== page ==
To make matters worse the past several years NBC has consistently treated its few strong shows on Thursday night as odd men out. In its third season NBC did not debut Parks and Recreation until mid-season. NBC did the same thing with Community in both its fourth and its current fifth seasons. Both Parks and Recreation and Community have consistently performed better than the new shows NBC has debuted in their wakes. They also have fiercely loyal followings who are guaranteed to watch them each week (indeed, there was an uproar when fans found out Community would begin its fourth season until mid-season). It is then curious that the network has at times scheduled them so strangely. One has to wonder if NBC would not do better on Thursday nights if they would only debut both shows at the start of the season in September.
Of course, Community and Parks and Recreation aren't the only strong shows that NBC has scheduled wrongly. Unlike many of the sitcoms that have aired on NBC on Thursday mights, The Michael J. Fox Show has a particularly strong cast (including Michael J. Fox and Wendell Pierce). It is also a very funny, well written show. Unfortunately, NBC decided to schedule it at 9:30PM Eastern/8:30PM Central following the much weaker Sean Saves the World. While Sean Saves the World was not necessarily a bad show (it was much better than either Up All Night or The Paul Reiser Show at any rate), it wasn't a particularly good show either. I have to suspect many viewers opted to watch The Crazy Ones on CBS instead and did not bother to switch the channel back to NBC to watch The Michael J. Fox Show. Had The Micahel J. Fox Show been scheduled at 9:00PM Eastern/8:00PM Central, it might have done much better in the ratings.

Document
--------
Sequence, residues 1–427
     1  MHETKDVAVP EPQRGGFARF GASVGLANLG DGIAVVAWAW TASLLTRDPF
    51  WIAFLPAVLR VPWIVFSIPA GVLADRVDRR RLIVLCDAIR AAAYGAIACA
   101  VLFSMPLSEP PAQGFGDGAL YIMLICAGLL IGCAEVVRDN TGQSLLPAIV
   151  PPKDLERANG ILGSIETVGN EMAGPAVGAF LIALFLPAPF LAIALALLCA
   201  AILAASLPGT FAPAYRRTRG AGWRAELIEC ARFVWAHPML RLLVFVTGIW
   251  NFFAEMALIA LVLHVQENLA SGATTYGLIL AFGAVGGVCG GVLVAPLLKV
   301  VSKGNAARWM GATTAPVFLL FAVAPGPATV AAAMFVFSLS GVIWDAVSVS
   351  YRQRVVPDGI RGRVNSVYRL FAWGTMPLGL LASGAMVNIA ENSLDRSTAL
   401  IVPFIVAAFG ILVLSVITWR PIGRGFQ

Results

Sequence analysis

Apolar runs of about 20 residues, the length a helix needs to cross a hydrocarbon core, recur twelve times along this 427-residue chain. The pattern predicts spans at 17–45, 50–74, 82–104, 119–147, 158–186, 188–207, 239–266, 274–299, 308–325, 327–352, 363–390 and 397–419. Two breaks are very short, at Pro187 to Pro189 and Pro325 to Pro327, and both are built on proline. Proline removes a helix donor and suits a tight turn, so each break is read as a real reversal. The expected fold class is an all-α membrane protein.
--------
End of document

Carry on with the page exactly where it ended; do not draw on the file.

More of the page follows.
In the end the path NBC should take with its Thursday night comedies seems fairly clear to me. The network has already renewed Parks and Recreation. They should also renew Community and The Michael J. Fox Show. What is more they should also debut all three shows in September for the 2014-2015 season. As to the fourth, new sitcom they air on Thursday nights in the 2014-2015 season, they should make sure that it not only has a strong cast, but that it also has strong scripts. It takes more than actors to make a successful sitcom. It takes good writing as well. Now I can't say that NBC will once more dominate Thursday nights with that line up. In fact, I suspect they could still well lose the night to CBS and at least part of it to ABC. That having been said, I think NBC would do better than they have the past few years.
Watching the Oscar ceremony is a bit of a tradition for me. I watched it as a child with my parents when I was growing up. When I got older I watched it with my late best friend or, if we could not watch it together, my best friend and I would talk about the ceremony on the phone afterwards. Even though I didn't see any of the nominated films this year, I then watched the 86th Academy Awards ceremony as I always do.